There is no street in the Market Common named after Air Force veteran Lieutenant Colonel Colin Arnold “Arnie” Clarke, but there is a plaque which commemorates his service to our country and his many military accomplishments.
Colin Arnold Clarke was born in Seattle, Washington on August 31, 1935. He had a long and illustrious military career.
As a young man, he enlisted in the U.S. Naval Reserve and received training as an electronics technician. Thereafter, he attended the University of Washington and graduated in 1958 with a bachelor’s degree in marketing.
He left the Navy to join the U.S. Air Force. On August 9, 1960, he was commissioned a second lieutenant. The following year, he completed pilot training and was awarded his pilot wings at Williams Air Force Base in Arizona; he also completed F-100 Super Sabre Combat Crew Training.
Arnie served two terms in the Vietnam War with this squadron, where he flew a total of 27 combat missions: the first from December 1962-February 1963, the second from August 1964-February 1965. On August 18, 1964, he was shot down and subsequently rescued.
Arnie was promoted to captain and then transferred to Wethersfield, England to the Royal Air Force. He was sent again to Vietnam, and between July 1968 and July 1969, he flew a total of 285 combat missions using the F-100, O-1 Bird Dog, OV-10 Bronco, OH-6 Cayuse, and F-4J Phantom II fighter aircraft. He was shot down on January 22, 1969, and again rescued.
Arnie was promoted to the rank of major, and served as an Air Liaison Officer at Fort Bragg, North Carolina. After completing A-7 Corsair II Combat Crew Training, he was stationed at Myrtle Beach Air Force Base with the 356th Tactical Fighter Squadron of the 354th Tactical Fighter Wing. He was stationed here from May 1971 to March 1974.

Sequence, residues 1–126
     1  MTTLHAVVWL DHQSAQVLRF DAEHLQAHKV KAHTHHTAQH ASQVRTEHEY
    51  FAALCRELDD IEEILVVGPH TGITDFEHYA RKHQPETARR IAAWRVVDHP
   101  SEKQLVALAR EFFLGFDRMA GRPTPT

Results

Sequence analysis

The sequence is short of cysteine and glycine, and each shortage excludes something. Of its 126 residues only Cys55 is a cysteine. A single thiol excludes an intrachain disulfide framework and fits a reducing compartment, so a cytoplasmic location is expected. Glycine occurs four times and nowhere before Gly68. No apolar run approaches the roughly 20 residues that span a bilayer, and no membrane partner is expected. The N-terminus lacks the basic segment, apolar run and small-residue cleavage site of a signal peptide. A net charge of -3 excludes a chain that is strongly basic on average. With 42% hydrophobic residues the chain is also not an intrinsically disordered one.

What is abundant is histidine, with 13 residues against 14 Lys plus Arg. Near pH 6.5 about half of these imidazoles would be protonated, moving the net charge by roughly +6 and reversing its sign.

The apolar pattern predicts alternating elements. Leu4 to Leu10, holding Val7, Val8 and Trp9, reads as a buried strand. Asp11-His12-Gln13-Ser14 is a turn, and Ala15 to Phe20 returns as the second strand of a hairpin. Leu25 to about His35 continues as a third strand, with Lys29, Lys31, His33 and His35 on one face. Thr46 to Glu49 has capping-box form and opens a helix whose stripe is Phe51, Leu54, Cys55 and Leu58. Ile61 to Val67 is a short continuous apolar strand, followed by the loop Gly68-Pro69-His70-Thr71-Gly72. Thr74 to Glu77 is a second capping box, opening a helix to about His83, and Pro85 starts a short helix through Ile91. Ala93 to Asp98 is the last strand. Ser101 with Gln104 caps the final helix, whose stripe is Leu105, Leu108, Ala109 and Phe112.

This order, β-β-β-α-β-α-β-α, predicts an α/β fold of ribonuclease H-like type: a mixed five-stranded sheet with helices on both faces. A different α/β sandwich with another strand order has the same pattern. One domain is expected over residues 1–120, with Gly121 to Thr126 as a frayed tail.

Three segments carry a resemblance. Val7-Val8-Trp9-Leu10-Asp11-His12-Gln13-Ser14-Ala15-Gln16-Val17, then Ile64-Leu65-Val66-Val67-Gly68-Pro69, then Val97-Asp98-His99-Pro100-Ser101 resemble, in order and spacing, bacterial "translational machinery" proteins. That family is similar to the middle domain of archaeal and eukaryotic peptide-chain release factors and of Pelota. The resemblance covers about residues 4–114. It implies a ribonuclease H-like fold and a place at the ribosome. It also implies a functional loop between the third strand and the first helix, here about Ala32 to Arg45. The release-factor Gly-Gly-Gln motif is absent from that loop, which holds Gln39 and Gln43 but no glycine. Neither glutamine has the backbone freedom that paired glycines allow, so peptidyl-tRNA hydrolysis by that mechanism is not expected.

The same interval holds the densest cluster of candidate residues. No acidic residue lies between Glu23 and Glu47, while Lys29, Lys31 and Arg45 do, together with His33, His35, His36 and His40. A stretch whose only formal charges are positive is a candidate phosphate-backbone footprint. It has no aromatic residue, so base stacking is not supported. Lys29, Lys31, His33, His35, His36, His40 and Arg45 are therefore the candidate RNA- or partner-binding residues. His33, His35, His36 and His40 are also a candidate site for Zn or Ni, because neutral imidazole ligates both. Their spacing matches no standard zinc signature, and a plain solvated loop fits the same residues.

From 1972-1973, he deployed for the fourth time to Southeast Asia and flew 73 combat missions from Thailand as an A-7 Sandy pilot.
He acted as On-Scene Commander for search and rescue operations over North Vietnam, and received the Air Force Cross from the President of the United States for his valor on one particular mission.
He is commemorated such:
“Clarke directed an extremely complex mission that resulted in the successful recovery of two downed airmen despite adverse weather, mountainous terrain, and intense hostile ground fire. Disregarding these hazards, his own safety, and battle damage to his aircraft, he personally guided the rescue helicopter to the survivors’ location, suppressed hostile defenses, and continued to direct rescue efforts even though he sustained additional damage to his aircraft. Through his extraordinary heroism, superb airmanship, and aggressiveness in the face of the enemy, Major Clarke reflected the highest credit upon himself and the United States Air Force.”
Arnie moved his way up the ranks of the military to become a lieutenant colonel, and retired on August 1, 1981. He managed Pangborn Memorial Airport in East Wenatchee, Washington, for many years after retirement. He died on December 13, 2010, and is buried at Tahoma National Cemetery in Kent, Washington.